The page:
Nothing difficult in apologizing, FVR tells Aquino
Rosalinda L. Orosa (The Philippine Star) - March 18, 2015 - 6:29pm

MANILA, Philippines — Former President Fidel Ramos urged President Benigno Aquino III to apologize over his perceived violations of the Philippine National Police chain of command, resulting in the biggest combat loss in recent memory.

Ramos, who founded the police Special Action Force (SAF) as head of the Philippine Constabulary, said in a press conference broadcast over radio that Aquino, like his predecessor, should show humility.

"Saying 'I am sorry' humbly and sincerely would probably do 90 percent of the job," Ramos said.

"What is so difficult about that? As a previous president said, 'I am sorry.' That removed a lot of pressure on that person, although eventually things came up to cause her temporary detention in a hospital," Ramos added, referring to former president and Pampanga Rep. Gloria Macapagal Arroyo.

Ramos also belied statements of the Department of Justice and Malacañang that Aquino does not have command responsibility in the Philippine National Police, especially in cases of botched operations like the Mamasapano mission.

'Chain of command applies to PNP'

He cited Executive Order 226, issued in February 1995 while he was president, which institutionalizes the doctrine of command responsibility law enforcement agencies.

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“Any violation of this Executive Order by any government official, supervisor, officer of the PNP and that of any law enforcement agency shall be held administratively accountable for violation of existing laws, rules and regulations,” the order read.

Ramos said that Aquino, while president, can only be held liable through an impeachment, but may face charges over the January 25 clash of the SAF with Moro rebels in Mamasapano once his term ends.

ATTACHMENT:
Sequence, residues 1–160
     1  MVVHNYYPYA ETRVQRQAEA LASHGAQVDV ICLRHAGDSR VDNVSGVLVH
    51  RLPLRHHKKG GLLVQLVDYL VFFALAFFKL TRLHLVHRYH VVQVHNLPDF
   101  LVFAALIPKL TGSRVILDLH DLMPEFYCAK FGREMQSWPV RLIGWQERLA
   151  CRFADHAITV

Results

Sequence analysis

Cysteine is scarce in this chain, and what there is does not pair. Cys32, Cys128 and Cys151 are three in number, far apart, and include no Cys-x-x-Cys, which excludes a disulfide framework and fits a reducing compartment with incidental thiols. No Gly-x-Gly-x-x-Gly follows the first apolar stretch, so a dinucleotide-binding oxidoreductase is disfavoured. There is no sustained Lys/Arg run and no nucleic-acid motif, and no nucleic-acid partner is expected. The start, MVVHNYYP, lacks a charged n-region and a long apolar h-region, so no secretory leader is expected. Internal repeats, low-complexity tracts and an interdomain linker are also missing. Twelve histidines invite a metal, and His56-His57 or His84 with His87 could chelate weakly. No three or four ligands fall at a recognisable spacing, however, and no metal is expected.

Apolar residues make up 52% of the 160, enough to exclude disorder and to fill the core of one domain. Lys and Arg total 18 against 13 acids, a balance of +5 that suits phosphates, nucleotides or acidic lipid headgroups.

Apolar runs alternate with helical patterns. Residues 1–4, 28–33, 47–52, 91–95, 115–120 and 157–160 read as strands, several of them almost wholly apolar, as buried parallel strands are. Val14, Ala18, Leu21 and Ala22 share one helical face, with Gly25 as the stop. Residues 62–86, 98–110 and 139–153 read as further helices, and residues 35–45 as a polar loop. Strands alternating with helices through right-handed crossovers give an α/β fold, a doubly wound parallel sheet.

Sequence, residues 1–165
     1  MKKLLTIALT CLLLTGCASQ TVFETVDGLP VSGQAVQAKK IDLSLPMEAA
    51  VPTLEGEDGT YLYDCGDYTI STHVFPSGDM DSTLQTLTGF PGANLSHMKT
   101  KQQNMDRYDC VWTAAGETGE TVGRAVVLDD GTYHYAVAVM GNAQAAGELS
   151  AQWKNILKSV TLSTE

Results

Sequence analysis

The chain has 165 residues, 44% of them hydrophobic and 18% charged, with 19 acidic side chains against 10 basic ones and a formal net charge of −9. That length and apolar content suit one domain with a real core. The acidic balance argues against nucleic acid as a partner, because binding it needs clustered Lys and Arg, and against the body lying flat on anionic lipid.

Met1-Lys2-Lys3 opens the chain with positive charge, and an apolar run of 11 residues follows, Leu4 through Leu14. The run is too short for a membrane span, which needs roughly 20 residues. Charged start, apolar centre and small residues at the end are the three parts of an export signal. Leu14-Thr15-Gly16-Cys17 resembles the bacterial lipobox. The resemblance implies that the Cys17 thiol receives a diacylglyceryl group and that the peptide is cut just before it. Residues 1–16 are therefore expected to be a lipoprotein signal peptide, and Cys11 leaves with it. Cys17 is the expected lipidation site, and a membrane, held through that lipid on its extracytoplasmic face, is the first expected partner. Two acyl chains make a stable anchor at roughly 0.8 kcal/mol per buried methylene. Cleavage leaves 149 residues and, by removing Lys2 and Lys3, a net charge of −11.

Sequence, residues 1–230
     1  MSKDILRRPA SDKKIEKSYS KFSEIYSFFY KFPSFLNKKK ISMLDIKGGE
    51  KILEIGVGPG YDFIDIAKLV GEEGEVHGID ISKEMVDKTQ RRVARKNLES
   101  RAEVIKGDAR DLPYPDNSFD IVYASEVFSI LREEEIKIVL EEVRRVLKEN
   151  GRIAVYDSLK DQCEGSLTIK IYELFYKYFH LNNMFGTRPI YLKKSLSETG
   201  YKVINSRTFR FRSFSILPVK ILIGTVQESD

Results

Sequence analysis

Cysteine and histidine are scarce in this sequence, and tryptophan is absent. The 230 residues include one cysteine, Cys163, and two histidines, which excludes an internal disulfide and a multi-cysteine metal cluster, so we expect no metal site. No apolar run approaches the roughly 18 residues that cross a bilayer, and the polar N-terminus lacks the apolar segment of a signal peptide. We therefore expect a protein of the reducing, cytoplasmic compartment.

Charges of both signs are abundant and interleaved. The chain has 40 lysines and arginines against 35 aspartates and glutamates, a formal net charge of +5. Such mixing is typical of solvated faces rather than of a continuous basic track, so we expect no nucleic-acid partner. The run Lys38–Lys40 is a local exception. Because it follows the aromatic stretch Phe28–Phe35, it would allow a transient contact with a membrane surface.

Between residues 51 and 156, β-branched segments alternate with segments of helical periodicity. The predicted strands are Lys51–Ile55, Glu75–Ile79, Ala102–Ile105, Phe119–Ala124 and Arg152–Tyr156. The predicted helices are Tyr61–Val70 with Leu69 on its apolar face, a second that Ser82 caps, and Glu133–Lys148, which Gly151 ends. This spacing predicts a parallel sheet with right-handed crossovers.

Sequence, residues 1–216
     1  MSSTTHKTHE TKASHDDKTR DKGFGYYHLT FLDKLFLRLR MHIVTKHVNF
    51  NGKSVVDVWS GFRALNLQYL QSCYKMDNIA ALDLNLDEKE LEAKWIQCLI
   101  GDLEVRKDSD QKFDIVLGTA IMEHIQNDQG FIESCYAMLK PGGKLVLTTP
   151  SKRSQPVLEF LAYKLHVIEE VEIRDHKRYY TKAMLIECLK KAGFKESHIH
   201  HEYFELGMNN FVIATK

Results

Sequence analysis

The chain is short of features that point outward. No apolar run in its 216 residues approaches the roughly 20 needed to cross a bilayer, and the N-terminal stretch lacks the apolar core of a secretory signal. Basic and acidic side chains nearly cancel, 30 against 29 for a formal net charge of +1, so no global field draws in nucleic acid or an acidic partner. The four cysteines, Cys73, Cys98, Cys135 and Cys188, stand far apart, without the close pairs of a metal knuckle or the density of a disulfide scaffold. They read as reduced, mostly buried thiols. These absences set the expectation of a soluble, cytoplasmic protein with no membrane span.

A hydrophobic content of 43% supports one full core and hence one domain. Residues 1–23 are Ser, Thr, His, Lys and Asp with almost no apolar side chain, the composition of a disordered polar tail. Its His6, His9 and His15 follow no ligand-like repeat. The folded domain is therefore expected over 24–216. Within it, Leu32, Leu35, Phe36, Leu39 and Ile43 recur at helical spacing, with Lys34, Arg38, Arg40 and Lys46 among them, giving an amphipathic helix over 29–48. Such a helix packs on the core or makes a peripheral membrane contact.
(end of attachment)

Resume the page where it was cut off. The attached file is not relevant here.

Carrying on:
“At a later time, it will no longer by administrative but imposed by a court of law and the court may impose both criminal and administrative punishment,” Ramos said.

Administrative punishment includes temporary suspension from office, withholding of pay and reduction of leave benefits and applies to lesser officials.

Ramos said his executive order still applies to government institutions because it has not been rescinded.

“There is a chain of command in the PNP and this is the one but it also applies to all agencies. It goes without saying even in the private corporate world, there is chain of command and command responsibility,” the former president said.

Aquino called himself the commander-in-chief of the PNP in various occasions including the PNP Academy graduation rites in 2013.

“My mandate as your commander-in-chief is clear and following the law is not optional,” the president told graduating police cadets.

The Mamasapano incident has eroded Aquino’s popularity, with his approval and trust ratings plunging to an all-time low according to the latest Pulse Asia survey.

Ramos said the challenge confronting Aquino is part of his job as chief executive.

He said that those who hold the highest post in the land are also vulnerable to being accused of the "highest kinds of alleged crimes."

"This can happen to anybody, I faced the blue ribbon investigation as ex president," Ramos said. "This is the future that any president must be able to confront manfully and truthfully. This is part of the job." - Camille Diola and Alexis Romero

AQUINO COMMAND DEPARTMENT OF JUSTICE AND MALACA EXECUTIVE ORDER MAMASAPANO PHILIPPINE NATIONAL POLICE PRESIDENT RAMOS
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